I’m new to using Extensible Stylesheet Language Transformations (XSLT). Because I’m new and I had a fairly complex (or so I thought) task to perform with XSLT, I was confused at first.
The task I had and, consequently, the issue that was tripping me up, was with transforming heavily nested tags in my source XML file. Here’s an example of the type of XML I’m talking about.
<?xml version="1.0" encoding="UTF-8"?> <tag1> <tag1> <tag1> <tag1> <arbitrary></arbitrary> <tag2> <tag2> <tag1> <texttag></texttag> </tag1> </tag2> </tag2> </tag1> </tag1> </tag1> </tag1>
The gist of this example is that tag1 and tag2 can be nested within each other to arbitrary depths. At any level of this hierarchy, there can exist other various tags.
The task I had was to transform the XML above to the following:
<?xml version="1.0" encoding="UTF-8"?> <tag_start/> <tag_start/> <tag_start/> <tag_start/> <arbitrary></arbitrary> <tag2_start/> <tag2_start/> <tag1_start/> <texttag></texttag> <tag1_end/> <tag2_end/> <tag2_end/> <tag1_end/> <tag1_end/> <tag1_end/> <tag1_end/>
A little bit of an odd format, but that was, nonetheless, the requirement. The structure is basically the same as before except that there are explicit tags for the start and the end of the tag (for tag1 and tag2) and all other tags placement and content are preserved.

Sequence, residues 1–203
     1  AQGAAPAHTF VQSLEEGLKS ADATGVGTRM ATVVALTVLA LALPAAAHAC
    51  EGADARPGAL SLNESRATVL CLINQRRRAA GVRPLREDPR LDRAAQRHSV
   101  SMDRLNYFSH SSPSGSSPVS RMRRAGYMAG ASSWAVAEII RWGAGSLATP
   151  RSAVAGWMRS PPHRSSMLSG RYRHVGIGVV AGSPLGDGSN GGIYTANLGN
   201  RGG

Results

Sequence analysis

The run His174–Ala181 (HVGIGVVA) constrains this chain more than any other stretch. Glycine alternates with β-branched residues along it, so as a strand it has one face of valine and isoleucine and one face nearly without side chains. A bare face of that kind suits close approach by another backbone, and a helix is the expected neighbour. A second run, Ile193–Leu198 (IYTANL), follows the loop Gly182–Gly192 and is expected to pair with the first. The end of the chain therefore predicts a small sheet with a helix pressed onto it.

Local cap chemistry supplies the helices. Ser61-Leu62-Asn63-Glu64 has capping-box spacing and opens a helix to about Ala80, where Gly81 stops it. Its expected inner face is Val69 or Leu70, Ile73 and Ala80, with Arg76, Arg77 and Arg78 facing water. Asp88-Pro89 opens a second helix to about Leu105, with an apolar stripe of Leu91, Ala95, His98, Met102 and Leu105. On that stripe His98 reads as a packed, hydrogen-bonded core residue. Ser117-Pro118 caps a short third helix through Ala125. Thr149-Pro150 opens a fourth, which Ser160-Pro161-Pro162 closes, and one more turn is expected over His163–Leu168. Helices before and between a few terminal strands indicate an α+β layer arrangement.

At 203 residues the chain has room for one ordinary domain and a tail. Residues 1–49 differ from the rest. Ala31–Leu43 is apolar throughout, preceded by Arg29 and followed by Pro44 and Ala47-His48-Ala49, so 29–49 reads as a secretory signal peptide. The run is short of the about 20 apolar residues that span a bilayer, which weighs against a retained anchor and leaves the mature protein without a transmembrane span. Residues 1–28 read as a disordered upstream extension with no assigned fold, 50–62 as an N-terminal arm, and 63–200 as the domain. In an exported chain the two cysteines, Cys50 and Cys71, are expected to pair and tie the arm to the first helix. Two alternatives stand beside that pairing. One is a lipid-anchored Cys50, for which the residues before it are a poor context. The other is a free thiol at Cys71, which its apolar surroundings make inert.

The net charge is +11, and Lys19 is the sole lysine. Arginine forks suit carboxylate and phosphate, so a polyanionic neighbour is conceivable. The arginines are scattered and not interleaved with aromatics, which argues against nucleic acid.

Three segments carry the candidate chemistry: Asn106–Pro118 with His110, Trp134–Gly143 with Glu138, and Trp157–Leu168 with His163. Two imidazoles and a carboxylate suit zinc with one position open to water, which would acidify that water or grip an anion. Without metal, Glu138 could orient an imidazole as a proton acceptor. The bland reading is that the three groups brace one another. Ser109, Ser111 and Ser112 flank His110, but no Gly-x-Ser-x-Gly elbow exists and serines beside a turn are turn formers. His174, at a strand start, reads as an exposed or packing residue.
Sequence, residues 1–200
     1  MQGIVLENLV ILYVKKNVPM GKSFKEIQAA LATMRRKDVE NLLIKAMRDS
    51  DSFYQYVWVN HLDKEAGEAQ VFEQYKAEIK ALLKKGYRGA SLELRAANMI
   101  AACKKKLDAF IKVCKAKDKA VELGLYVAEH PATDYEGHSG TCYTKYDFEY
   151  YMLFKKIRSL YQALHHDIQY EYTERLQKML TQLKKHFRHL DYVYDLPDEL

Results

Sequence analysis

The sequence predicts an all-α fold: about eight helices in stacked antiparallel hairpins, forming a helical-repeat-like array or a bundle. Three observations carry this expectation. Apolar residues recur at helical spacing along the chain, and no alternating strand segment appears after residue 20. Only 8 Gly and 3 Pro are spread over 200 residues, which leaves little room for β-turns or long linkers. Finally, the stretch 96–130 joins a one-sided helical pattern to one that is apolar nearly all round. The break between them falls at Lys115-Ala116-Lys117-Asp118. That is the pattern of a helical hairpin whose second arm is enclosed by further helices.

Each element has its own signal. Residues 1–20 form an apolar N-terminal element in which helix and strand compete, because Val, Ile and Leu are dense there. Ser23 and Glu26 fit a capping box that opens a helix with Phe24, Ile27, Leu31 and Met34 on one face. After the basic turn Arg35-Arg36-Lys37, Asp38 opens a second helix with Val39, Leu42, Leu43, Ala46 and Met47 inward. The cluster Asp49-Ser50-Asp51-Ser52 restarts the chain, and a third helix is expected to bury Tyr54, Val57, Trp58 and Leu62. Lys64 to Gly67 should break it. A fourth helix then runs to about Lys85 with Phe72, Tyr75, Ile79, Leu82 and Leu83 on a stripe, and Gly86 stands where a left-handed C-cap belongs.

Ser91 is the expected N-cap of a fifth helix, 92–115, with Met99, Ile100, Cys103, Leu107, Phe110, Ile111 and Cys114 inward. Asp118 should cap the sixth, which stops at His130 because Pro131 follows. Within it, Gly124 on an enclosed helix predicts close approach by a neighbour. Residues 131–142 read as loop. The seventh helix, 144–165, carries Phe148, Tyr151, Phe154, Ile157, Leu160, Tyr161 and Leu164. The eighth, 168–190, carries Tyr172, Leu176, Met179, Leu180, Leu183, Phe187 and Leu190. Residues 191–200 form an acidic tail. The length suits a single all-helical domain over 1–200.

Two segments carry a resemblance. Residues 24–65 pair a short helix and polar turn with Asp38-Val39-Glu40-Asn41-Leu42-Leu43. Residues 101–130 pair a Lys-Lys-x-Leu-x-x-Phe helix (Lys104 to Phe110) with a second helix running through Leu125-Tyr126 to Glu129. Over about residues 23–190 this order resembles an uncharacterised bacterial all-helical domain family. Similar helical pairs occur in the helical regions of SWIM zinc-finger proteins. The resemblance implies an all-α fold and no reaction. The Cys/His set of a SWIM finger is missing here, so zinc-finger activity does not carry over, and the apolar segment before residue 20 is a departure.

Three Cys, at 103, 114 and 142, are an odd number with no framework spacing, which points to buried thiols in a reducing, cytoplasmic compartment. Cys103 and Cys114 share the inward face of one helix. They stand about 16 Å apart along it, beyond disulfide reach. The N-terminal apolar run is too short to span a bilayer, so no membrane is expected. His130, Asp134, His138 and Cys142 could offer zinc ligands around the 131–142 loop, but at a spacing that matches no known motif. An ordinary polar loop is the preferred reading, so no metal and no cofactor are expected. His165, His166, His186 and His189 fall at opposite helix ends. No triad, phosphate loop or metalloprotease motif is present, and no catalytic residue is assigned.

Because of the oddball structure, this seems like an immensely difficult task at first. I went down a lot of paths with my XSLT that tried to do what amounted to a recursive approach in programming, which never worked. It turned out that I misunderstood how an XSLT engine works. I finally stumbled on a great explanation on Stack Overflow that helped: http://stackoverflow.com/a/6199369.
With that explanation in hand, I was able to write this XSLT file to do the transformation:
<?xml version="1.0" encoding="UTF-8"?> <xsl:stylesheet version="1.0" xmlns:xsl="http://www.w3.org/1999/XSL/Transform"> <xsl:output method="xml"/> <xsl:template match="//tag1" > <tag1_start/> <xsl:apply-templates/> <tag1_end/> </xsl:template> <xsl:template match="//tag2"> <tag2_start/> <xsl:apply-templates/> <tag2_end/> </xsl:template> <!-- standard copy template, this copies all nodes and attributes from the original to the transformed XML. --> <xsl:template match="@*|node()"> <xsl:copy> <xsl:apply-templates select="@*"/> <xsl:apply-templates/> </xsl:copy> </xsl:template> </xsl:stylesheet>
I really can’t state things better than the Stack Overflow user did, so I won’t try. Hopefully, if you’re having a similar problem, you will find this post and it will help cajole you into finding a solution.
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